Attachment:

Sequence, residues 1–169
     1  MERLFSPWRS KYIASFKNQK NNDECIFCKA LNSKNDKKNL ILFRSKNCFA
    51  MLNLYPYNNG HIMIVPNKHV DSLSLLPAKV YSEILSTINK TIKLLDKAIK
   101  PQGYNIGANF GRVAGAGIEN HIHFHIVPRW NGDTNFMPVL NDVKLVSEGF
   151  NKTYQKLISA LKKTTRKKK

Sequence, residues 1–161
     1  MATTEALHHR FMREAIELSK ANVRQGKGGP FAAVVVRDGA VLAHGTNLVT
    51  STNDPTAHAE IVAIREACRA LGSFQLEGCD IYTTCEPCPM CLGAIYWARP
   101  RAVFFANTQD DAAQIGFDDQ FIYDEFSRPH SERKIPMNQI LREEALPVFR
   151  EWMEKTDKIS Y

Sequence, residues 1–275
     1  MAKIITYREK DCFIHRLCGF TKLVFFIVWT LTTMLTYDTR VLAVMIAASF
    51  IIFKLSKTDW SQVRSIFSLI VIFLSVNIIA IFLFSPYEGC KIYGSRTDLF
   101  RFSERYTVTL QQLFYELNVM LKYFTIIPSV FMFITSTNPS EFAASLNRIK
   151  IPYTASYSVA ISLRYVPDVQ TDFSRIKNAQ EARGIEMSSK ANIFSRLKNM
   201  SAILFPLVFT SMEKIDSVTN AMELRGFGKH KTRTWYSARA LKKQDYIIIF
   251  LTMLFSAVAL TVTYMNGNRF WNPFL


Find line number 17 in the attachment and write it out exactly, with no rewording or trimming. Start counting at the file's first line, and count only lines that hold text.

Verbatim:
   251  LTMLFSAVAL TVTYMNGNRF WNPFL